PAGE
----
This is the shortest video I’ve ever posted (about 23 seconds long). It shows what most of my hives look like now (on December 10th) when I pop the tops off and look inside. They’ve been like this for a few weeks now.
I don’t see a thing because the bees are clustered at the very bottom of the hive so low that the edge of the cluster is hanging off the bottom bars. (Iâ€™ll add a photo of that too if I can find it.)
In the past, my bees would start the winter (or late fall) at the top of the hive and eventually move down below their honey and then work their way back up to the top as they ate through their honey over the winter. But sometimes they wouldn’t move down at all, which can be kind of a pain.
So I changed how I prepare my bees for winter in the fall and I’ve subsequently got all of my colonies (in ten hives) to cluster well below all their honey long before winter sets in. This may not seem like a big deal, but it’s a big deal for me. And…
That’s all I can say for now. I don’t want to say anything more about this until I know I’m onto something. I’ve posted experiments I’ve done in the past as they were happening, but I don’t plan to post anything anymore unless I’m fairly confident that what I’m doing works. It’s okay for me to make mistakes, but I’d rather people learn from my mistakes and not follow them while they’re happening. But yeah, I think this one is going to work.
Postscript: I don’t normally post videos that I didn’t make, but I’ll make an exception this time because I’m glad to promote the guy who made the video. It’s from Ian Steppler, a commercial beekeeper in Manitoba, and it shows what the bees look like when they’re clustering below the bottom bars (for those who don’t know what that looks like).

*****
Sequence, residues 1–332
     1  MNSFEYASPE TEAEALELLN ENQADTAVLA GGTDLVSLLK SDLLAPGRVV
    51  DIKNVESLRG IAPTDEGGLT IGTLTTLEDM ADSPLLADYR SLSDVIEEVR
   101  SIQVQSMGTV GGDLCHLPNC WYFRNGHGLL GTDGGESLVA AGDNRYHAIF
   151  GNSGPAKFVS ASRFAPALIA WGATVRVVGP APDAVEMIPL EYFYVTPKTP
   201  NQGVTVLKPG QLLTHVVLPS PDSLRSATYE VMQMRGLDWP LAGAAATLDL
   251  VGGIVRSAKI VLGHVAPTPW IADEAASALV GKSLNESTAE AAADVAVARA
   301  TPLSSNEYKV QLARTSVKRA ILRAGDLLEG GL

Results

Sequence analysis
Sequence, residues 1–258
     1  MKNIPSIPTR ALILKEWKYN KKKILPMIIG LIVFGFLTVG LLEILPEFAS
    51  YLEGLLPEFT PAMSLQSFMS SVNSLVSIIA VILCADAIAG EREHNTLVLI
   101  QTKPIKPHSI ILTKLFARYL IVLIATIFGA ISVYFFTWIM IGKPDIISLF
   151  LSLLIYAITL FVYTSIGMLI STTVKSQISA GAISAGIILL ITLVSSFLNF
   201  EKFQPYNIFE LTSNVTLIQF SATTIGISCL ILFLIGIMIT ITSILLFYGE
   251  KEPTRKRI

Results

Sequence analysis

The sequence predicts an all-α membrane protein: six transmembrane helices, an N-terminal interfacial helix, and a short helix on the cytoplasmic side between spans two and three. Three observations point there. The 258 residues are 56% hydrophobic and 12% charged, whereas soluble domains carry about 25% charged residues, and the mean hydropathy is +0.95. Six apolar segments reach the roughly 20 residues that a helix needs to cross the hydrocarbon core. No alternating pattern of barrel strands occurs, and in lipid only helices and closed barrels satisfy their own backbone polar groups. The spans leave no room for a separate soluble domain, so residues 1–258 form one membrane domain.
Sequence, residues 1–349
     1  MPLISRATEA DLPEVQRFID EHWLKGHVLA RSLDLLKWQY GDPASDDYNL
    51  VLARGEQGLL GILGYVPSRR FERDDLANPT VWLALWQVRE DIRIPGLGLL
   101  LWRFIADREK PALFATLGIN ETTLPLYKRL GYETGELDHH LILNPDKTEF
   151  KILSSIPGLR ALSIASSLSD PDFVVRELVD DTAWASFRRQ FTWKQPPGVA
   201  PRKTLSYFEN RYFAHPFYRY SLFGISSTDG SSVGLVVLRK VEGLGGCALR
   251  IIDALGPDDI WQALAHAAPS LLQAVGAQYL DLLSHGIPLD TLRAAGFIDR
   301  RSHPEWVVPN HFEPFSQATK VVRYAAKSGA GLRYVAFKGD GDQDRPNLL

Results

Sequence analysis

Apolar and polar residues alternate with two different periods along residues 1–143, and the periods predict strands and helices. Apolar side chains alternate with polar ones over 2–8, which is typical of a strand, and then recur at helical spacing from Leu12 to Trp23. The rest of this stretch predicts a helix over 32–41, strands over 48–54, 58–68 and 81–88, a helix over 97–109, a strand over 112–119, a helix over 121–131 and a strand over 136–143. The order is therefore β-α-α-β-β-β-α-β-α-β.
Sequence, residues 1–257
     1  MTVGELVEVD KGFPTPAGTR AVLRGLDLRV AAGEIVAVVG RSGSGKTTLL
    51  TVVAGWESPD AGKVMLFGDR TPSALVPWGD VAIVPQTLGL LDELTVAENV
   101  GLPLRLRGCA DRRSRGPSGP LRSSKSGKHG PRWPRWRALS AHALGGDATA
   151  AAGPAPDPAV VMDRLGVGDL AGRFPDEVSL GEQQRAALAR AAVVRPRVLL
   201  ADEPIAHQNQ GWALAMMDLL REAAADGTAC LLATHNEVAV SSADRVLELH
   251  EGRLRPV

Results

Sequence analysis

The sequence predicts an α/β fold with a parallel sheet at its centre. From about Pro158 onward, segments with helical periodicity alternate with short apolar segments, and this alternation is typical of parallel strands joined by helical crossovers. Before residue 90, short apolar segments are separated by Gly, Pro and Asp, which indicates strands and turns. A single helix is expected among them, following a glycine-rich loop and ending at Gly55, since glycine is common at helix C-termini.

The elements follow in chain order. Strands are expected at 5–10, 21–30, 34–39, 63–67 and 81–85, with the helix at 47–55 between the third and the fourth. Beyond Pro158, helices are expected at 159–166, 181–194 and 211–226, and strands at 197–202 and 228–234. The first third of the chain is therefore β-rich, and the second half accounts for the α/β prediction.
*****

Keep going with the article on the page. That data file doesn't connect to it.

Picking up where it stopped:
Postscript #2 (December 16, 2019): Here’s the big reveal. I’ve been experimenting with blocking the top entrances of my hives beginning in September while providing ventilation up top. Since I’ve done that, all of my colonies have clustered at the bottom of the hive going into winter. They fill the top and stay clustered in the bottom. I’ve had the same thing happen in hives with top entrances, but not consistently. These are still early days, but I like what I’ve seen so far because the bees start the winter clustered under a solid block of honey. And with honey on the sides, they’ve got the best insulation I think I can give them — frames of honey. It also makes it easier for me to judge how much honey stores they have left. Until I see them crowding the top entrance, I know they’ve still got plenty of honey. (I forgot to mention I’ve been unblocking the top entrance once it’s cold and the bees are clustering below.) What doesn’t seem to make sense is that I use wide open bottom entrances. Yet the bees are clustering on the bottom, hanging off the bottom bars right next to that wide open space with the cold wind blowing in. Whatever the case may be, it’s working out well so far.